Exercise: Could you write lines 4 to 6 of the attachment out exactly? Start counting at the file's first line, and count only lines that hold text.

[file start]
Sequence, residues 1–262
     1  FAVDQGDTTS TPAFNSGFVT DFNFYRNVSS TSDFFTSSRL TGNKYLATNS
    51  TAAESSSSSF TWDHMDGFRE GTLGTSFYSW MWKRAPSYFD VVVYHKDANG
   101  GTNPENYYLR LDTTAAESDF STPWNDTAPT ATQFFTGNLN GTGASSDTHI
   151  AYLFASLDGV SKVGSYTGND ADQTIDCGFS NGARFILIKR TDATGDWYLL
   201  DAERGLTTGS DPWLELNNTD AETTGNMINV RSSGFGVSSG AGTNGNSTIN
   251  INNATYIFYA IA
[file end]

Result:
   101  GTNPENYYLR LDTTAAESDF STPWNDTAPT ATQFFTGNLN GTGASSDTHI
   151  AYLFASLDGV SKVGSYTGND ADQTIDCGFS NGARFILIKR TDATGDWYLL
   201  DAERGLTTGS DPWLELNNTD AETTGNMINV RSSGFGVSSG AGTNGNSTIN